Loved, loved, loved, absolutely loved and adored having this story read to me by the incredibly fabulous and absolutely brilliant Jayne Entwistle. I fear I will never be able to read another Flavia de Luce story without having Jayne read them to me. Thankfully she is the voice for the whole of the series, I just have to lay my hands on them! She absolutely and brilliantly lives Flavia. Jayne perfectly embodies the precocious and charming Flavia, providing the reader with pure listening delight during all of Flavia’s adventures. To gush more, RandomHouse audio could not have found a more perfect voice for the role!
Bradley has created a completely lovable and very charming character in Flavia de Luce. Her love for chemistry, her plight in dealing with two older sisters, her love and caring for the members in the Buchshaw household and her wonderful sleuthing ways makes Flavia one of the best heroines to come along in quite some time! My favourite, favourite parts were when she would say things like “It’s snowing like stink!” , or dishing on her beloved chemistry concoctions or thinking of potions and poisons to feed her sisters. (For example, water is her favourite liquid, gas and solid and will easily regale all of its glorious properties and forms.)
I am Half Sick of Shadows was a great and also my final audio book, finishing out 2012. A synopsis from Goodreads about this quick and charming story: It’s Christmastime, and the precocious Flavia de Luce—an eleven-year-old sleuth with a passion for chemistry and a penchant for crime-solving—is tucked away in her laboratory, whipping up a concoction to ensnare Saint Nick. But she is soon distracted when a film crew arrives at Buckshaw, the de Luces’ decaying English estate, to shoot a movie starring the famed Phyllis Wyvern. Amid a raging blizzard, the entire village of Bishop’s Lacey gathers at Buckshaw to watch Wyvern perform, yet nobody is prepared for the evening’s shocking conclusion: a body found, past midnight, strangled to death with a length of film. But who among the assembled guests would stage such a chilling scene? As the storm worsens and the list of suspects grows, Flavia must use every ounce of sly wit at her disposal to ferret out a killer hidden in plain sight.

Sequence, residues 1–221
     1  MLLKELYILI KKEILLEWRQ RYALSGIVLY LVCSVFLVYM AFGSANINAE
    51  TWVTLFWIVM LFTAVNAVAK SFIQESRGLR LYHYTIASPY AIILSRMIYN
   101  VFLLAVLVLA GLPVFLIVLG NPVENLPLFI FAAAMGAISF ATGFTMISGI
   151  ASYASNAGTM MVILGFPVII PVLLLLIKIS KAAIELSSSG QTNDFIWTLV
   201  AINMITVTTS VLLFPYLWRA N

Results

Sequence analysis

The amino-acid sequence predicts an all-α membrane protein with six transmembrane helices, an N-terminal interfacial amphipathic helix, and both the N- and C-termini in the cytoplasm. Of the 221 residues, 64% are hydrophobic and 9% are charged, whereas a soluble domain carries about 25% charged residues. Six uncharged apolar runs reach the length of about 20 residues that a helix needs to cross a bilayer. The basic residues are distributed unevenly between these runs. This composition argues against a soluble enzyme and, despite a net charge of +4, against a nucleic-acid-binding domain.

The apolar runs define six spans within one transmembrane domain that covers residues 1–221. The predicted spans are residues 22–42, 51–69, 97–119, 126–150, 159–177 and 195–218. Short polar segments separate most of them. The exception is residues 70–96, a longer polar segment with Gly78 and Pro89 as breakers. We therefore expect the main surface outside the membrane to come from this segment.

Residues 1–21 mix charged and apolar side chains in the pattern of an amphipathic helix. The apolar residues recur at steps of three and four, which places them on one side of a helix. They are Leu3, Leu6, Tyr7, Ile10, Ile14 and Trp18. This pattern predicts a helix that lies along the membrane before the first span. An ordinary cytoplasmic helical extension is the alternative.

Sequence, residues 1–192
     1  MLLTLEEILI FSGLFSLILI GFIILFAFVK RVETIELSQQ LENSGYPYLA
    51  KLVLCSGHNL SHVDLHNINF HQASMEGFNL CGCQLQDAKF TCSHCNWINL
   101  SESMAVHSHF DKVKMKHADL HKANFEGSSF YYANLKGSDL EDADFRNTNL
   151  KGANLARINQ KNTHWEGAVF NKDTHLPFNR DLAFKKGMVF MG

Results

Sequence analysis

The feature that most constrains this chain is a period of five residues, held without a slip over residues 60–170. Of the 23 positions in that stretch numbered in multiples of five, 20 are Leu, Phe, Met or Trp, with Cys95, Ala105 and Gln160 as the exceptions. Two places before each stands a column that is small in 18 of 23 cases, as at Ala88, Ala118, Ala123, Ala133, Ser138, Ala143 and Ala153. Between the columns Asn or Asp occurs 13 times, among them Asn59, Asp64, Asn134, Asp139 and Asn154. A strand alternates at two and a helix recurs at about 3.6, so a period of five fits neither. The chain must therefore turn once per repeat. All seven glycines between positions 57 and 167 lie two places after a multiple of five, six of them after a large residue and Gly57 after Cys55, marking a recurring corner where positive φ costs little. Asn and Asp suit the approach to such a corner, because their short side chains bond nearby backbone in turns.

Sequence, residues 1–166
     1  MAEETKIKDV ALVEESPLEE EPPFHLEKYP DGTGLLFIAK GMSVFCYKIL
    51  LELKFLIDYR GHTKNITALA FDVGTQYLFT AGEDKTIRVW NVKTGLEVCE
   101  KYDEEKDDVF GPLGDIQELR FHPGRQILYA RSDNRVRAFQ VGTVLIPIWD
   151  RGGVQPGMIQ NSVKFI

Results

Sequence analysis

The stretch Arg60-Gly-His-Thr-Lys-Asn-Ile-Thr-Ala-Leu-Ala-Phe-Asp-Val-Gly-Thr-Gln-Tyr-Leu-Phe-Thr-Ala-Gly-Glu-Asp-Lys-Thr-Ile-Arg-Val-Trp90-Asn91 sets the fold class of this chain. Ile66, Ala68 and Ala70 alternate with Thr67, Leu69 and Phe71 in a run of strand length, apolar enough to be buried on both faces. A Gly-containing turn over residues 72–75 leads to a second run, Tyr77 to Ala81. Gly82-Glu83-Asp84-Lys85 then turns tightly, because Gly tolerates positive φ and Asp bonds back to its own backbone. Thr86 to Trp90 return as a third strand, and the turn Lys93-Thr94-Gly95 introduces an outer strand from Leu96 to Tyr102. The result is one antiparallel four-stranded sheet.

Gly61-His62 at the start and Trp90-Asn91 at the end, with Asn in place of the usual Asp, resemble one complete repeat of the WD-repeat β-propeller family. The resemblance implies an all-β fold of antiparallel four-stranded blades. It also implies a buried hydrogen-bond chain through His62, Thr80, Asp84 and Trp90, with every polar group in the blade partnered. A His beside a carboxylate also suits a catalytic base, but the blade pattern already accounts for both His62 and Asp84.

So not too much of a spoiler, as it is Phyllis Wyvern that is murdered following a brief and thrown together Shakespeare scene from Romeo and Juliet for the village of Bishop Lacey. There is any number of possible suspects in the crowd that gathers that night at Buckshaw. Could it be her chauffeur, whom Flavia notices looks upon Phyllis with disdain? Her personal assistant of whom Phyllis treats miserably and is seen lurking about and listening in on conversations? Those same conversations that Flavia just happens to stumble upon? What about the director of the film and of this hasty performance whom does not shine the spotlight fast enough on Phyllis resulting in a resounding slap to the face in front of all? For while Phyllis is a wonderful delight to Flavia, she is not all that she appears to be and Flavia is on the case bringing clues to the surface not detected by the local police!
Extremely enjoyable and I’m most certainly looking forward to (hopefully listening) reading more of Alan Bradley and his wonderful character Flavia. I do have A Red Herring without Mustard on my Kobo, bought ages, and ages ago so I could start there…. 🙂 But I will more than likely find ways to grab that title on audio instead!